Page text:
Monday night fire destroys Farmington home
A late night fire Monday destroyed a Farmington house and left the owner and his new roommate without a place to live.
Farmington fire marshal John Powers is still investigating the cause of the blaze, which started outside the home at 18524 Dunbury Knoll just before 11:30 p.m. Monday. The home's owner, Jaysen T. Smith, told Powers he was in his bedroom when he heard something outside.
"(Smith) walked into the bathroom and saw fire coming up the wall outside this bathroom window," Powers said. "He had a fire extinguisher and tried to use it, but when that didn't work he called 911."
Smith was the only person in the house at the time of the fire, though he told Powers he also had a new roommate move in recently. There were no pets in the building.
According to Powers, the call from Smith came in at 11:28 p.m. Paramedics from Allina Ambulance and officers from the Farmington Police Department were the first to arrive. Both saw heavy fire coming through the roof when they got to the scene. When Farmington Fire Chief 2 Troy Corrigan arrived 5 1/2 minutes after the call, Corrigan reported fire shooting through the front window.
Both of Farmington's engines were put into use, with firefighters attacking the blaze with hoses from one side, and with a large nozzle mounted on top of one of the trucks from the other. The Lakeville Fire Department also responded with its ladder truck, allowing firefighters to attack the fire from above.
It took firefighters 90 minutes to get the blaze under control, Powers said. The fire was put out within three hours, but Powers called crews back around 7:30 a.m. because he discovered a hot spot while surveying the back of the building.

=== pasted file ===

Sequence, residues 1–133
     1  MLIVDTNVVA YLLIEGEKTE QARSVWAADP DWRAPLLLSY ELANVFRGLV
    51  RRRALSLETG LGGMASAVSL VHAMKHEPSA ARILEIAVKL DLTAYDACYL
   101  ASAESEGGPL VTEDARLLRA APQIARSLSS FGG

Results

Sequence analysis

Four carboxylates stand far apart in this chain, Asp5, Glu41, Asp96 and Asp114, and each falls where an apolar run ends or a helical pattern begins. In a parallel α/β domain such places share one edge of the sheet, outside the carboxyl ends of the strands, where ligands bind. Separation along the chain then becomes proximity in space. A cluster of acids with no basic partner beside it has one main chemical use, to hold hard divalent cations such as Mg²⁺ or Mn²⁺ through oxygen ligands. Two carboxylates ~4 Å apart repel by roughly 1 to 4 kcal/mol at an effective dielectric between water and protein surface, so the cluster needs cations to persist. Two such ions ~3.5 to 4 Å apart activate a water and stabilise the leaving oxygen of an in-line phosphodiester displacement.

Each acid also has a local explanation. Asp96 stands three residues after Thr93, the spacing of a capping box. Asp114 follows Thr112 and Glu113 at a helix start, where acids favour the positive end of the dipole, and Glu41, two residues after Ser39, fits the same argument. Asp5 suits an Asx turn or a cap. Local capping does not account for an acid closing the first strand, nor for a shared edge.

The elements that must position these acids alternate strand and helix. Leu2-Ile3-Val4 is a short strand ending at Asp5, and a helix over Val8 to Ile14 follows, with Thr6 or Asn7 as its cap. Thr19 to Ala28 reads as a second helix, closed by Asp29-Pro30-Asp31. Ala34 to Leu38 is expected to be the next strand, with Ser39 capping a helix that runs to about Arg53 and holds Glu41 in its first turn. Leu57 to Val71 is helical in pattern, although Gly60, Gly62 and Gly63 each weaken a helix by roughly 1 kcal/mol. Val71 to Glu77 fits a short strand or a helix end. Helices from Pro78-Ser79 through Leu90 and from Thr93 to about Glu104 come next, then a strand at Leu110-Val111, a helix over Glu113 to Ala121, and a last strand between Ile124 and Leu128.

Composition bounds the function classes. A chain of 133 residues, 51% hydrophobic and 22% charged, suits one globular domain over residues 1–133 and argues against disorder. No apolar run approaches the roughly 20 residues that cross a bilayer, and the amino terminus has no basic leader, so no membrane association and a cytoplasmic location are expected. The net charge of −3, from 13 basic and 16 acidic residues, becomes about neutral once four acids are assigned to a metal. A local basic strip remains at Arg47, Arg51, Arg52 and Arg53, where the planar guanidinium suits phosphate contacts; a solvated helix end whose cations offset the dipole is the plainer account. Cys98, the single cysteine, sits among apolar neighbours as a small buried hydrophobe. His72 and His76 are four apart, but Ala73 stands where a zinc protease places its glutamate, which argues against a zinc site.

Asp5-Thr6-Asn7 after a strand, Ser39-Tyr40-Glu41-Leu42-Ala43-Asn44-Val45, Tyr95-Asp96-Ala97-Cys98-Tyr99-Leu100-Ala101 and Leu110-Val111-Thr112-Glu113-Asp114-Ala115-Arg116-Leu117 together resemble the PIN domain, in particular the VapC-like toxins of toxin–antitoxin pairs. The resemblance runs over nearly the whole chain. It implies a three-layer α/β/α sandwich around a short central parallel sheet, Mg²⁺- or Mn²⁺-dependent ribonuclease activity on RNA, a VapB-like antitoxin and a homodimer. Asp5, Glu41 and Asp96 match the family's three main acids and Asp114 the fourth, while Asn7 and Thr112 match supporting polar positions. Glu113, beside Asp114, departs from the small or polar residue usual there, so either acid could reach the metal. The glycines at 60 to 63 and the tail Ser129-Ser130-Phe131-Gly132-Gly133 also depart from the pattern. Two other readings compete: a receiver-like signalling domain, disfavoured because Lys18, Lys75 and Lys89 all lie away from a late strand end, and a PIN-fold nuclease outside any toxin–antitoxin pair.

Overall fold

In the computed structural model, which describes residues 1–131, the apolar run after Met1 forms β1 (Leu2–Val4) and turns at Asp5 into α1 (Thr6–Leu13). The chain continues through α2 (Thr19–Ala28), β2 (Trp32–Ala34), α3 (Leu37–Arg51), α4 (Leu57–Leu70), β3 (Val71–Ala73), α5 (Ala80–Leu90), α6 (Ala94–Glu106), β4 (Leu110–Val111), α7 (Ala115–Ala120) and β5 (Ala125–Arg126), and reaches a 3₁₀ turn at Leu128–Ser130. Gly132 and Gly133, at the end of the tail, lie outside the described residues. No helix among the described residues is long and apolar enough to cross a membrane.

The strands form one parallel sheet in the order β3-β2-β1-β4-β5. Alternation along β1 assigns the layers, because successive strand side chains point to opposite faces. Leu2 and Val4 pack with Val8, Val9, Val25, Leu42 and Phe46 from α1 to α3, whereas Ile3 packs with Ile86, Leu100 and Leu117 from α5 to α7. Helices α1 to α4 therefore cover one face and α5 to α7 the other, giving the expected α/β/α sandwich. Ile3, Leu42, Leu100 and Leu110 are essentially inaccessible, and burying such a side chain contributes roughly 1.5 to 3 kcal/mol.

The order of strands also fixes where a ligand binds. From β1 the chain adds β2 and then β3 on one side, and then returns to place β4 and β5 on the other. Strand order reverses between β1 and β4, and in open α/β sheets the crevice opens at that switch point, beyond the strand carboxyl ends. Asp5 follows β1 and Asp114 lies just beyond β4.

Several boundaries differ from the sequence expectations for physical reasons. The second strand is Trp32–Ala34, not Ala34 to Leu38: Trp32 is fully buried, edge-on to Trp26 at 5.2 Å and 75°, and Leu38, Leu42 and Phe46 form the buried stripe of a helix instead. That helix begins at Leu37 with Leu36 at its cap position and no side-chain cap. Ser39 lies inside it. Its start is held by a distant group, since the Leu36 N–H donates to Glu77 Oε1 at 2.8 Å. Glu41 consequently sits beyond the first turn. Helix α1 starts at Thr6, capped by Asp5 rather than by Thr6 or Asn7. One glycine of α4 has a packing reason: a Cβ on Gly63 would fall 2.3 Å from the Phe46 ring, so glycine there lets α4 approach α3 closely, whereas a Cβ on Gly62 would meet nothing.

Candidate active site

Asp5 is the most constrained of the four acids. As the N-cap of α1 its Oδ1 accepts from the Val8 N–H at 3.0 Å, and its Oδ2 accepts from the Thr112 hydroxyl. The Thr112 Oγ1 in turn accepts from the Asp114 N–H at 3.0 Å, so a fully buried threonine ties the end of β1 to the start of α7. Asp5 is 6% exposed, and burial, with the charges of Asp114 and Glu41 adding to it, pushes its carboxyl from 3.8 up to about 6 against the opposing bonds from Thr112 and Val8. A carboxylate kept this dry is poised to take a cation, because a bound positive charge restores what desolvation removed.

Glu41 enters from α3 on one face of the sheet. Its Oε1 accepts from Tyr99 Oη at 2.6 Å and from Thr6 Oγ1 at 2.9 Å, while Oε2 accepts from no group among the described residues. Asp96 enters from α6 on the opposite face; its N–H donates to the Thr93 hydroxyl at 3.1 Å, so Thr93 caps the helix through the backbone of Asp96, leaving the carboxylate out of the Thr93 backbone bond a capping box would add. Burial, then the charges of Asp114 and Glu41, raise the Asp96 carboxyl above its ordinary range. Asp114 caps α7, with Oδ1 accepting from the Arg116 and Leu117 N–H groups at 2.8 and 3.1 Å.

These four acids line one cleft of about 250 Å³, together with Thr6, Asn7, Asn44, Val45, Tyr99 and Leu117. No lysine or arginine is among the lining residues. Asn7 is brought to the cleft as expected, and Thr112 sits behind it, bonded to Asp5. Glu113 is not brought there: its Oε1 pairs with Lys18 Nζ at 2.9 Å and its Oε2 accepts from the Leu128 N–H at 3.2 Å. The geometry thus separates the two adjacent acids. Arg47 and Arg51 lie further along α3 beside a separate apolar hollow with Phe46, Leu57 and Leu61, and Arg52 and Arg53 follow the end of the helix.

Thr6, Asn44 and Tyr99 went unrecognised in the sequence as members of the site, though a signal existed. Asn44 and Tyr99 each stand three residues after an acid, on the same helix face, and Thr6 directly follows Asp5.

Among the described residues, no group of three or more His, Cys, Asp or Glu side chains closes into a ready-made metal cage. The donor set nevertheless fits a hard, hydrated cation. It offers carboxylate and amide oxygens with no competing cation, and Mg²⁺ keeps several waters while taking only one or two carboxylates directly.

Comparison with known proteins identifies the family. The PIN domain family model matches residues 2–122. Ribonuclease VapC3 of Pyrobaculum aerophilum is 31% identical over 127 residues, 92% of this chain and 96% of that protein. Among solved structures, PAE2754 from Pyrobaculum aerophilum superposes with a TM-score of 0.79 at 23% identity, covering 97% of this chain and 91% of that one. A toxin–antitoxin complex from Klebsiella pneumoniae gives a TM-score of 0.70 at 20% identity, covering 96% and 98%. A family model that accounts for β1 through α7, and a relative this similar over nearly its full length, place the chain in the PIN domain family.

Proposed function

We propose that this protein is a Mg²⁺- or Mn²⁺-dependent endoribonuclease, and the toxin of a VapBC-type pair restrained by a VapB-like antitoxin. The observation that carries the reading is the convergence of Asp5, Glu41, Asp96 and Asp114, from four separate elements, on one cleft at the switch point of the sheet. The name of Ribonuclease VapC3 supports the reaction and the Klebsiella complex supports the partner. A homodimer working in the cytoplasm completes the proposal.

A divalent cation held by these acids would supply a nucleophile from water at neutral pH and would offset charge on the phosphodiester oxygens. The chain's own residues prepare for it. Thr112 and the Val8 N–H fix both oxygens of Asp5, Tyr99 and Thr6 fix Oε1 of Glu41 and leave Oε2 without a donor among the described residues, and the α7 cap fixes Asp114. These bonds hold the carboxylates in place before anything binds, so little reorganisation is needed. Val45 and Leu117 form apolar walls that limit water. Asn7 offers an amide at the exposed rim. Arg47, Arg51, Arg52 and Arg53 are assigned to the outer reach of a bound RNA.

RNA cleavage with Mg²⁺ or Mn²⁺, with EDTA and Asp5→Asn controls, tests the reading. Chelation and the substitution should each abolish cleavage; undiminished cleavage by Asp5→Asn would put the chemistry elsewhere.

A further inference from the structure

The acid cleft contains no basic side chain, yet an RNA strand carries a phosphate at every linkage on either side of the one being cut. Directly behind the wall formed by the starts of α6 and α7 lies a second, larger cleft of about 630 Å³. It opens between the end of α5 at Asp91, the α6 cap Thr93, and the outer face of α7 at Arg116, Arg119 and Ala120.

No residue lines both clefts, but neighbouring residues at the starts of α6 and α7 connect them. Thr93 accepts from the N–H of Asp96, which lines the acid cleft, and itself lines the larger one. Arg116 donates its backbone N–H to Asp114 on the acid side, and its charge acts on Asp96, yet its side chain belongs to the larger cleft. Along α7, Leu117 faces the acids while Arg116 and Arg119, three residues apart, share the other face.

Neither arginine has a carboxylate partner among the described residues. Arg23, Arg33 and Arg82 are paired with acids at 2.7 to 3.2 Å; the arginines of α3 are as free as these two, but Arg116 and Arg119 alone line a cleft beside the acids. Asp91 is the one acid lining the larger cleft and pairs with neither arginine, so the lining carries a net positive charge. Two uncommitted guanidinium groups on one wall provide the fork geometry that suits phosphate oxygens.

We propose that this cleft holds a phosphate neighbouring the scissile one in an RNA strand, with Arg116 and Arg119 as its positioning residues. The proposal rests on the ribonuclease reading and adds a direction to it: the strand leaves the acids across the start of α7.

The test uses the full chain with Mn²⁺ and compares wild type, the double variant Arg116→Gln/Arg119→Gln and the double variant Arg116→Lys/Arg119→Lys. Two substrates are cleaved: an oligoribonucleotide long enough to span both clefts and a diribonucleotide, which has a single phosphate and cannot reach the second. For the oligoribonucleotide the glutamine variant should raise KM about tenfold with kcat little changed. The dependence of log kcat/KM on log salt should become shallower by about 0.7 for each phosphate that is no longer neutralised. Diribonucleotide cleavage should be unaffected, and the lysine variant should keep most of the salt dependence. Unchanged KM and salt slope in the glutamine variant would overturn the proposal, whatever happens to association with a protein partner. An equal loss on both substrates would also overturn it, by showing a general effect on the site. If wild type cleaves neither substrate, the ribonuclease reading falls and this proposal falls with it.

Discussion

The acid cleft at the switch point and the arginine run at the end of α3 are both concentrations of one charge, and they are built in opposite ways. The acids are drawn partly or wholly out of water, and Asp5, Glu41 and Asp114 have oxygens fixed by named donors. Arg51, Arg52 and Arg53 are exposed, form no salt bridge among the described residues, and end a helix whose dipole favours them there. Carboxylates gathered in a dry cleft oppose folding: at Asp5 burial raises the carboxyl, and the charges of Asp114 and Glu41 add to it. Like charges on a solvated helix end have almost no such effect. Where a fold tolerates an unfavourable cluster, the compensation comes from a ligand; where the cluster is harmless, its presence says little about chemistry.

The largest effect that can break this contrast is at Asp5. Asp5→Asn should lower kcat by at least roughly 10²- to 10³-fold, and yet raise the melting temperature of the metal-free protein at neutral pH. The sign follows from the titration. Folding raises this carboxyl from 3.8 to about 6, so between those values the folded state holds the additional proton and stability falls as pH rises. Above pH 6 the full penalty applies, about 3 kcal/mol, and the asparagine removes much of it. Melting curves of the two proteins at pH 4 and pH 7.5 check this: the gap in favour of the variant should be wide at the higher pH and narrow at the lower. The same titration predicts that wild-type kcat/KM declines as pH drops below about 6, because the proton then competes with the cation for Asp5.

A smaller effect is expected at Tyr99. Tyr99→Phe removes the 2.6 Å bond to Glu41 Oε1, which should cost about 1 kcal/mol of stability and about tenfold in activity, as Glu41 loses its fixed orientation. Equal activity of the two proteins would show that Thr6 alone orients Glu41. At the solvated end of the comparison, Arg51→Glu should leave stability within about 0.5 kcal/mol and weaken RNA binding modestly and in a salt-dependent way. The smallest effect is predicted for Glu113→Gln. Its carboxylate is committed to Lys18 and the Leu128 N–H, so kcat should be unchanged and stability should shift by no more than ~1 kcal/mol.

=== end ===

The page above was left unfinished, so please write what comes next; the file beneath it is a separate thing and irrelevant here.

Neighbor Tim Castagna watched the fire from his home across the pond from Smith's residence.
"We could feel the heat from over at our place," he said. "I was amazed at how high the debris goes in the air. I was a little afraid it would land on our house and set something on fire."
The homes on either side of Smith's house received damage, as well. Both had fire damage to the siding, and the roof of one home will need to be repaired. Powers estimates the damage to those homes to be about $20,000.
The extensive damage to Smith's house limits the access Powers has to the house at this point, but after interviewing Smith and studying the back of the house, Powers has determined the fire started on the back deck. A grill was on the deck but Powers is not sure at this point whether it was the cause. The fire could have also been started by an electrical malfunction or other items on the deck could have contributed, Powers said.
Since the entire back of the home is gone, Powers said the house is a complete loss. He estimated content damage at around $100,000. According to Dakota County tax records, Smith purchased the home in April, 2011, for $251,000.